Monthly Archives: October 2010

Pi seconds equals one nanocentury

Duff’s rule says that a nanocentury is about π seconds. Assuming a year is 365.25 days, there are 3,155,760,000 seconds in a century. So a nanocentury, one billionth of a century, is 3.15576 seconds, roughly π seconds. This odd fact

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There isn’t a googol of anything

Before Google, there was googol, the number 10^100, written as a 1 followed by 100 zeroes. There are about 4 × 10^79 atoms in the universe. (Here’s a derivation of that number.) You could bump that number up a little

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Posted in Math

Ten music posts

Ten previous blog posts on music. Odd meters Music in 5/4 time Blue Rondo à la Turk March in 7/4 time Music and computers Typesetting music in LaTeX with LilyPond Windows XP and Ubuntu start-up music Music and math Opening

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Posted in Music

Emacs calculator

Emacs has quite a sophisticated scientific calculator. Like many other things in Emacs, it is both powerful and idiosyncratic.

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Posted in Computing

Math Fun Facts for iPhone

Math Fun Facts is a large collection of very short mathematical articles, each less than a page, maintained by my friend Francis Su. These articles are a great resource for teachers looking for interesting examples to spice up a class.

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Posted in Math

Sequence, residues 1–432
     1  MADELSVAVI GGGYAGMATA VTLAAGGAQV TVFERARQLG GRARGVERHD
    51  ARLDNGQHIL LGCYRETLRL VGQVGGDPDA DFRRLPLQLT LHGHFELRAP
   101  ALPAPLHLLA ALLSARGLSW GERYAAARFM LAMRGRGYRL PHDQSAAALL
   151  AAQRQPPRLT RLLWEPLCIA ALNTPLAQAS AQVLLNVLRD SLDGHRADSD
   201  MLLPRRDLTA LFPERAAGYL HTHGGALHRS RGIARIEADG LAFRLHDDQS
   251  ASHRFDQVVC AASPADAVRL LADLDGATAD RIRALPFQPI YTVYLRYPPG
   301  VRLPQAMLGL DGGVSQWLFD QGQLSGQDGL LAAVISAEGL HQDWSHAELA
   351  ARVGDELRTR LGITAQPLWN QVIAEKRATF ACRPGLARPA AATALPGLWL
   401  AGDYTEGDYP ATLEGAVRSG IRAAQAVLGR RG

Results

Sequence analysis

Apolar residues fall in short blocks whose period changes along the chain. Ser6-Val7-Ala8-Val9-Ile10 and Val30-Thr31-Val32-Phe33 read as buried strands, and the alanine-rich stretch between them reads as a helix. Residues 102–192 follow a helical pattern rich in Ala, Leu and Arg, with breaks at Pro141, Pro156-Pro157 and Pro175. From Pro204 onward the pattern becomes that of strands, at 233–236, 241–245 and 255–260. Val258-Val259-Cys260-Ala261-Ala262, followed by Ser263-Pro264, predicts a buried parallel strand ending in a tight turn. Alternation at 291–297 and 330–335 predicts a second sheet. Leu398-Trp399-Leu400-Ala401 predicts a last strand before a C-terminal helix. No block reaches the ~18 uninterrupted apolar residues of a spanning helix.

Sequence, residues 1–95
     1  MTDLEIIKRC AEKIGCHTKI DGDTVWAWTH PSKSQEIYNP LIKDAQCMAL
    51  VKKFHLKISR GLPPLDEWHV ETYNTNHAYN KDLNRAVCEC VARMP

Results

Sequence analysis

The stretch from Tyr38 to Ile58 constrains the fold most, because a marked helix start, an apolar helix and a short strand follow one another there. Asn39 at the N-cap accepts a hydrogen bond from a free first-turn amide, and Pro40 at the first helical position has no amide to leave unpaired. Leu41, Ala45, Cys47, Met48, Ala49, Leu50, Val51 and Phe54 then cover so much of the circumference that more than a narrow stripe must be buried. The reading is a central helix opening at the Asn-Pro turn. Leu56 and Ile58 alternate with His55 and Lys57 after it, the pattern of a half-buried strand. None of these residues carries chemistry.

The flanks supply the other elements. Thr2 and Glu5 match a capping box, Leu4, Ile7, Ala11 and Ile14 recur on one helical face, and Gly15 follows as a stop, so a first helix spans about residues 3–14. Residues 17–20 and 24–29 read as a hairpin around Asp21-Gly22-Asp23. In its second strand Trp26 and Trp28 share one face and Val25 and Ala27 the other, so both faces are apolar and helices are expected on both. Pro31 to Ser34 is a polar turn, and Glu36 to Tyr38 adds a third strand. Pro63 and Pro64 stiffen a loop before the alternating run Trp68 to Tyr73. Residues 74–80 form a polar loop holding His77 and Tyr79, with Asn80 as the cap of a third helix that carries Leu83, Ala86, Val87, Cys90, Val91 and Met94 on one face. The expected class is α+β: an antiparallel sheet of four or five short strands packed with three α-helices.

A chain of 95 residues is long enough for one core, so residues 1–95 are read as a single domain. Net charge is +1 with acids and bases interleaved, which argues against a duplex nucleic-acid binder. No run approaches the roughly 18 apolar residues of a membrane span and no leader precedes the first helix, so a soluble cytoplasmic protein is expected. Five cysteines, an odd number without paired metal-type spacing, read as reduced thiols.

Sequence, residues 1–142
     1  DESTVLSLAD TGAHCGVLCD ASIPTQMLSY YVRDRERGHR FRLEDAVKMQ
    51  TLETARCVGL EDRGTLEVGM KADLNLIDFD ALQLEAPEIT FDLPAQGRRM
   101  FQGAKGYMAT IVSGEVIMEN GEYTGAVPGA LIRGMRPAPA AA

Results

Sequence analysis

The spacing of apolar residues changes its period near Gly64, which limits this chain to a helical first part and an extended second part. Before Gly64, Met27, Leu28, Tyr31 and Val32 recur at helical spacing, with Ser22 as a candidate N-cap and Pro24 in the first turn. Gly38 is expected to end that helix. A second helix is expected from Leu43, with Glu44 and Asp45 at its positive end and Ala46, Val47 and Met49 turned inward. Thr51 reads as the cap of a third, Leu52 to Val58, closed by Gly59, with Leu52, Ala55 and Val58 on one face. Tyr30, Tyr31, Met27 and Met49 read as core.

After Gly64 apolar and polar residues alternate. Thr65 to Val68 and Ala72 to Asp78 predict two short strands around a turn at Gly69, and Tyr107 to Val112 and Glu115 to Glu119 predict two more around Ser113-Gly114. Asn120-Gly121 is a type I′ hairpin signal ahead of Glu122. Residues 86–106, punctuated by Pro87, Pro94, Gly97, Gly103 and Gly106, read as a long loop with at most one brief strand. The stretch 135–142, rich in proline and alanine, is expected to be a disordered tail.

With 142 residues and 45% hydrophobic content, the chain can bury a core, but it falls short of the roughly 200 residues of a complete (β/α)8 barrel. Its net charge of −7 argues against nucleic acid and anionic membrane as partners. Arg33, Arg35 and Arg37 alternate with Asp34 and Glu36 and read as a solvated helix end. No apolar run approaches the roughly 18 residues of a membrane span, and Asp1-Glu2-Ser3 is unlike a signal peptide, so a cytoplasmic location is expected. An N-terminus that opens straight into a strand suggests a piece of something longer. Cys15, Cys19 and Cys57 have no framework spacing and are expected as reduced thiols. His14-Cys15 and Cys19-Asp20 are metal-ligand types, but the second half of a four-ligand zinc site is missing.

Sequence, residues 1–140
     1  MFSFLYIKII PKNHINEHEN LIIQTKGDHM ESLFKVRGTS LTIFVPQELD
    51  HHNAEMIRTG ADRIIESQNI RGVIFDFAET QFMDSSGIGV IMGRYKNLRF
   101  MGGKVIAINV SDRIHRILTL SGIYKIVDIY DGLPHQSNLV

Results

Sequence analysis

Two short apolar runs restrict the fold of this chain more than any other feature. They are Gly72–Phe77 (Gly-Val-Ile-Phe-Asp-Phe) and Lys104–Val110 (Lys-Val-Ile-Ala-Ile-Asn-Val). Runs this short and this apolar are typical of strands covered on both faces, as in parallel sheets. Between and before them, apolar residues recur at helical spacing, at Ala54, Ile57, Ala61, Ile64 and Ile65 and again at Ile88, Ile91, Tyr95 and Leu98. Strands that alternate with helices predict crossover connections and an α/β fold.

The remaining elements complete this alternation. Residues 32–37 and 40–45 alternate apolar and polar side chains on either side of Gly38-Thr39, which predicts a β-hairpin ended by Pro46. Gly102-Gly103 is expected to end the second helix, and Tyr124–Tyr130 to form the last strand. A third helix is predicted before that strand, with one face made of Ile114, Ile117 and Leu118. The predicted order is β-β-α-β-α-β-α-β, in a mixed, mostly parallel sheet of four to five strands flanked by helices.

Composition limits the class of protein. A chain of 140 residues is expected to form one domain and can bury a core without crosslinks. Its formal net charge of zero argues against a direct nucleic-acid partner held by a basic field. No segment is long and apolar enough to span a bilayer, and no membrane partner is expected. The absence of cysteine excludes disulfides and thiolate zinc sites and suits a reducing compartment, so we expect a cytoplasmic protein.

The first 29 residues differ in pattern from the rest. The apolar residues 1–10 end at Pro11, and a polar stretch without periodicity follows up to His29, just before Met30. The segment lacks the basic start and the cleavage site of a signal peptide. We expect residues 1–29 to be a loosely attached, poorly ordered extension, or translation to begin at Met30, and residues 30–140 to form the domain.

Weekend miscellany

Google Google street view Antarctica Google’s alternative to JPEG Statistics Three-quarter truths: correlation is not causation Bounds for non-central chi-square tails Miscellaneous Math lessons for locavores Victorian submarines How ink is made

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Probability that a number is prime

The fastest ways to test whether a number is prime have some small probability of being wrong. Said another way, it’s easier to tell whether a number is “probably” prime than to tell with certainty that it’s prime. This post

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Posted in Math, Statistics

Casablanca and Einstein

If you’ve ever seen Casablanca, you’ve heard the song As Time Goes By, but only the chorus. You must remember this A kiss is just a kiss, a sigh is just a sigh. The fundamental things apply As time goes

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Posted in Math

Probability and Statistics cheat sheet

Matthias Vallentin posted a comment on my post about a math/CS cheat sheet to say that he’s been working on a probability and statistics cheat sheet. Looks great, though at 24 pages it stretches the definition of “cheat sheet” even

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Posted in Math, Statistics

Serious lessons from Knuth’s joke

On June 30, 2010 Donald Knuth announced iTeX, the successor to TeX. His announcement was an extended parody of much of what people recommend as the “right” way to develop software. TeX has been extremely successful. The vast majority of

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Posted in Software development

Math/CS cheat sheet

Here’s something called a theoretical computer science cheat sheet. I don’t know whether I agree with the name, but it’s a nice cheat sheet. The first two pages of the cheat sheet have to do with sums, combinatorics, and recurrence

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Posted in Math

Weekend miscellany

Music Classical sacred music Music in 5/4 time Math The history and future of special functions Carnival of Mathematics blog Computing Running Facebook’s servers How to write a Lisp interpreter in Python Productivity The myth of laser focus Podcast on

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